The risk of irinotecan-induced diarrhea in patients carrying UGT1A1*6 gene variants has been reported higher in patients carrying AA genotype than GG genotype whereas heterozygotes showed intermediate risk [21,22].

According to the above, UGT1A1 genotyping can be considered as a straightforward approach for irinotecan dose individualization to achieve therapeutic targets and reduce adverse effects while application of TDM of the drug is not at the same beneficial level.


In the Western world, breast cancer is the most commonly diagnosed malignancy in women representing the second leading cause of cancer deaths. This type of cancer is often dependent on estrogen in growth and anti-estrogen medications are commonly used in treatment [23].

Tamoxifen is a selective estrogen receptor modulator (SERM) that has anti-estrogenic effect on the mammary gland and is used in hormone receptor-positive breast cancer in premenopausal women as a long-term adjuvant therapy showing a 50% reduction in annual recurrence rate and a 30% reduction in breast cancer mortality following 5 years of treatment [24,25].

Tamoxifen is extensively metabolized in the liver mainly by CYP2D6 and CYP3A4 into a range of active and inactive metabolites (Figure 2).


Figure 2: Biotransformation of tamoxifen.

4-hydroxytamoxifen (4OH-tamoxifen) and N-desmethyl-4-hydroxytamoxifen (endoxifen), both have an affinity for the estrogen receptor that markedly exceeds that of tamoxifen itself. Endoxifen is considered the main active metabolite, though it has substantially lower steady-state concentrations than tamoxifen itself in blood, but its affinity for the estrogen receptor is at least 100-fold higher than the parent drug [26].

CYP2D6 is highly polymorphic and is considered as the rate limiting enzyme in tamoxifen to endoxifen bioactivation. The metabolic activity of that enzyme can be predicted from CYP2D6 genotype, enabling classification of patients into poor (PM), intermediate (IM), extensive (EM), or ultra-rapid (UM) metabolizer phenotypes [27,28]. The high variability in endoxifen concentrations among patients ranging from 5 nM to 100 nM is thought to be derived from polymorphism in CY2D6 [29].

The importance of CYP2D6 in tamoxifen metabolism and subsequent endoxifen formation has provided logical rationale for the hypothesis that CYP2D6 genotype correlates with tamoxifen efficacy, disease outcomes, and prediction of the risk of recurrence [30,31].

However, other studies failed to provide conclusive evidence for recommending CYP2D6 genotyping as a predictive marker of tamoxifen efficacy [32,33].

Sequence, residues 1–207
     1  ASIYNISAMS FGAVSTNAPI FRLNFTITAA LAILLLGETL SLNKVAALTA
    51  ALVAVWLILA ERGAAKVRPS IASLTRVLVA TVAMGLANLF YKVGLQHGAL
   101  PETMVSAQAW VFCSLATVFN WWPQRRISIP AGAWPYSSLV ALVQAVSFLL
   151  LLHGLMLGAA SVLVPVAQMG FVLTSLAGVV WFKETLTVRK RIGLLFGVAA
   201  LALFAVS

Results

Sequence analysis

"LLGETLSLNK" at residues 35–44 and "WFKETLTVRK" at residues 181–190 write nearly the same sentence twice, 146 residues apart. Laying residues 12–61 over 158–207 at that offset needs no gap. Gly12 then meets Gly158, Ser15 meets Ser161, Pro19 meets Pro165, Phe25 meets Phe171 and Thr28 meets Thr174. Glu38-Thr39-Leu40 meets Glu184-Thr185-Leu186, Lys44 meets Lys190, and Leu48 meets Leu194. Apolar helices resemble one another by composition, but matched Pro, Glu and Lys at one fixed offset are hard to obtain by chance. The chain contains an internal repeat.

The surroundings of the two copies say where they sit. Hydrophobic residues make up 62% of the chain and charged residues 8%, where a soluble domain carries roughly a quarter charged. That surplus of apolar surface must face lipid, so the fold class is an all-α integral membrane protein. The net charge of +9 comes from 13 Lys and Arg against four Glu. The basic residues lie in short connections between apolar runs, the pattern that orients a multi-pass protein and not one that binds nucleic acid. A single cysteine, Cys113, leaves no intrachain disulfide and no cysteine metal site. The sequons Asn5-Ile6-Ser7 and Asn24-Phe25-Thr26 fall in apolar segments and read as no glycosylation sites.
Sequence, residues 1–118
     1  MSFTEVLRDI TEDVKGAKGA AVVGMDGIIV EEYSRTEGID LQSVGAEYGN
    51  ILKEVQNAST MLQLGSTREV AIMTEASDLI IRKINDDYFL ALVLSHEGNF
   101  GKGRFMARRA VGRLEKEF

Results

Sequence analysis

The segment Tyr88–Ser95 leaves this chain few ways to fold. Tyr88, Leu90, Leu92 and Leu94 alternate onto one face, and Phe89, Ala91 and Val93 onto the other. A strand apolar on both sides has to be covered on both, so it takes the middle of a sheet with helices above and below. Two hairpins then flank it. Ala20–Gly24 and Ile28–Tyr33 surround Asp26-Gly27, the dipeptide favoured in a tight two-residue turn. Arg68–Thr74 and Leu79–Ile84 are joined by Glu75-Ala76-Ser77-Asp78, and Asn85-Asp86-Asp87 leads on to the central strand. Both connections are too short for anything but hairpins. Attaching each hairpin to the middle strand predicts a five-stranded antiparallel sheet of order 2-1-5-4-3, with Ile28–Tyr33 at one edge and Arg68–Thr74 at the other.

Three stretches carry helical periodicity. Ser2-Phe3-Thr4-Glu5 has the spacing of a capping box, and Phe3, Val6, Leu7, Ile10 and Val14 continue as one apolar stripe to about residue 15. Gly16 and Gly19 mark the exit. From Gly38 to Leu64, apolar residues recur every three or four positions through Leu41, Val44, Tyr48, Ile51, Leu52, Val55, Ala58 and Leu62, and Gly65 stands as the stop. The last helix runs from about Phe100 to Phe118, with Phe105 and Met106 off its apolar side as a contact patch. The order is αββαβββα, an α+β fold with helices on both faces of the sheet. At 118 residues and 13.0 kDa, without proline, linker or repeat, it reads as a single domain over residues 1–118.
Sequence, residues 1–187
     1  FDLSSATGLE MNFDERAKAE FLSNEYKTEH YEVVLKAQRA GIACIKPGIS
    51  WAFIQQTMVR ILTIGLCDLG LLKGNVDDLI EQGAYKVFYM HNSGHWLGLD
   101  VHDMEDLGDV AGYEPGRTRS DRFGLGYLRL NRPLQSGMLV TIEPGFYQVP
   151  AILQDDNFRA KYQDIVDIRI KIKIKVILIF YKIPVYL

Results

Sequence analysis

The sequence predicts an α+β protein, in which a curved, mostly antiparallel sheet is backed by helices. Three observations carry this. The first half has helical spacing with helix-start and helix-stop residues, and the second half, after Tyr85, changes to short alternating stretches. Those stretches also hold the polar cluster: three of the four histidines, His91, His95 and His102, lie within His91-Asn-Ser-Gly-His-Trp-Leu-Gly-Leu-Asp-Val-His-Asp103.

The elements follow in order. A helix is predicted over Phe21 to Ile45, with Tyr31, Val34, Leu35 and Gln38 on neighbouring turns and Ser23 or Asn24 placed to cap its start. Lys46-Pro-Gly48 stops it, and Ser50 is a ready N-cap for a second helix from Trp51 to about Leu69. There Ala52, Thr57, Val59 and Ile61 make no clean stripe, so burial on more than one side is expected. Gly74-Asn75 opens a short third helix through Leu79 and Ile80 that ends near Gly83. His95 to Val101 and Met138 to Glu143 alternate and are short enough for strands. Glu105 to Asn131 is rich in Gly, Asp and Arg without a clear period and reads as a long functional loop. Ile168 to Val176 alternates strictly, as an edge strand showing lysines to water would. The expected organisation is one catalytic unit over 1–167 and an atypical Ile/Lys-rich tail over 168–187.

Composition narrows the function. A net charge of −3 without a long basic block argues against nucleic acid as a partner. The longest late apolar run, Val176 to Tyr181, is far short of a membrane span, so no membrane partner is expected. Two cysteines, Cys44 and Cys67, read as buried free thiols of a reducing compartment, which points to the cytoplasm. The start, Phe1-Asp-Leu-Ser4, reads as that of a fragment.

Endoxifen threshold which has a therapeutic effect was reported as 5.97 ng/ml (=16.0 nM) and Patients with low endoxifen blood concentrations less than this threshold value may experience less tamoxifen efficacy and may require a tamoxifen dose higher than the standard 20 mg once daily dose [34]. The low endoxifen level achieved with administration of fixed dose of tamoxifen (20 mg/day) may be multifactorial, and CYP2D6 genotype is one of them. Other factors may include, concomitant CYP2D6 inhibitor use, poor adherence (non-compliance) and impaired absorption. One or more of these factors were identified in 48% of those with endoxifen <5.9 ng/ml. Therefore, it has been reported that 50% of low endoxifen subjects could not be explained by CYP2D6 genotype or use of inhibitory medications but even more these subjects may not have obvious causes identified [35].

Although the PM CYP2D6 genotype give insight to low endoxifen levels, some PM individuals may have baseline endoxifen >5.9 ng/ml and others could achieve that level with tamoxifen dose escalation. Conversely, UM/EM and IM patients may have endoxifen levels <5.9 ng/ml even when the use of concomitant inhibitors of CYP2D6 is excluded. Therefore, determining the CYP2D6 genotype is likely not enough to predict the concentration of the active metabolite endoxifen [36].

On the other hand, endoxifen concentration monitoring has been suggested to play a key role in modulating tamoxifen's clinical effectiveness. Based pharmacokinetic-pharmacodynamic modeling, optimal tumor growth inhibition (TGI) was predicted for patients attaining endoxifen concentrations >40 nM, while <15 nM endoxifen was predicted to achieve sub-optimal (83%) TGI [37]. In a large retrospective study on endoxifen threshold in estrogen receptor-positive breast cancer patients administered tamoxifen, patients with an endoxifen serum concentration higher than 5.9 ng/mL had a 26% lower recurrence rate than patients with a lower endoxifen serum concentration [38]. Another study reported that patients with <14 nM endoxifen had significantly short distant relapse-free survival as compared to patients with levels >35 nM [31]. Dose escalation of tamoxifen based on baseline endoxifen concentration rather than CYP2D6 genotype has made sound in PM patients with subtherapeutic level of endoxifen (less than 5.6 ng/ml). Increase the dose from 20 mg to 30-40 mg daily elevated endoxifen level significantly to be similar to normal metabolizers averages, without any noted increase in adverse events in CYP2D6 PM subjects [34,39,40].


In cancer chemotherapy, therapeutic efficacy and reduction of toxicity are two main therapeutic goals for oncologists. Pharmacogenomics and/or therapeutic drug monitoring are two pharmacological tools that can help dose optimization to achieve these goals.

Irinotecan used in colon and lung cancers is an example of anticancer agents where pharmacogenomics could be utilized during its use. UGT1A1*28 and UGT1A1*6 polymorphisms may help in predicting severe drug toxicity, such as neutropenia and diarrhea, and determining the maximal tolerated dose of the drug.

Tamoxifen is used as a long-term adjuvant therapy in premenopausal women with cancer breast. The biotransformation of the drug to its active metabolite; endoxifen, by the highly polymorphic CYP2D6 enzyme drew the attention for the utility of testing the genotyping profile of that enzyme in patients receiving the drug. However, it is unclear whether there is an association between CYP2D6 genotype and tamoxifen dosage and efficacy. Therefore, additional research is needed to correlate genetic data with individualization of drug dosage. On the other hand, therapeutic drug monitoring of endoxifen concentration in the blood seems promising to be relied upon as a surrogate marker of adequate tamoxifen dosing. Further studies on a large scale are suggested to identify an optimal endoxifen concentration target and to validate its correlation with treatment efficacy.